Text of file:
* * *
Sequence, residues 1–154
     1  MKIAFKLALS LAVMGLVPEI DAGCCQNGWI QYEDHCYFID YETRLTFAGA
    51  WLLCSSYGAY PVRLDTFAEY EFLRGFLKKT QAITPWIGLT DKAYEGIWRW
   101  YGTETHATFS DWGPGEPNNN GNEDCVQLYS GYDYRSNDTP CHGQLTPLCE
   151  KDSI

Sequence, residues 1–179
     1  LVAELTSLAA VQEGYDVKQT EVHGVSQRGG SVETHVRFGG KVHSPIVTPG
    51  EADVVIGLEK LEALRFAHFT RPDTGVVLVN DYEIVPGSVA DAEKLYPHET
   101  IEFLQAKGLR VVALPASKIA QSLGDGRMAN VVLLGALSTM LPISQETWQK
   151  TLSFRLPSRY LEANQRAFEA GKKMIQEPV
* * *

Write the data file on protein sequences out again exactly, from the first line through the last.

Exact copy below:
Sequence, residues 1–154
     1  MKIAFKLALS LAVMGLVPEI DAGCCQNGWI QYEDHCYFID YETRLTFAGA
    51  WLLCSSYGAY PVRLDTFAEY EFLRGFLKKT QAITPWIGLT DKAYEGIWRW
   101  YGTETHATFS DWGPGEPNNN GNEDCVQLYS GYDYRSNDTP CHGQLTPLCE
   151  KDSI

Sequence, residues 1–179
     1  LVAELTSLAA VQEGYDVKQT EVHGVSQRGG SVETHVRFGG KVHSPIVTPG
    51  EADVVIGLEK LEALRFAHFT RPDTGVVLVN DYEIVPGSVA DAEKLYPHET
   101  IEFLQAKGLR VVALPASKIA QSLGDGRMAN VVLLGALSTM LPISQETWQK
   151  TLSFRLPSRY LEANQRAFEA GKKMIQEPV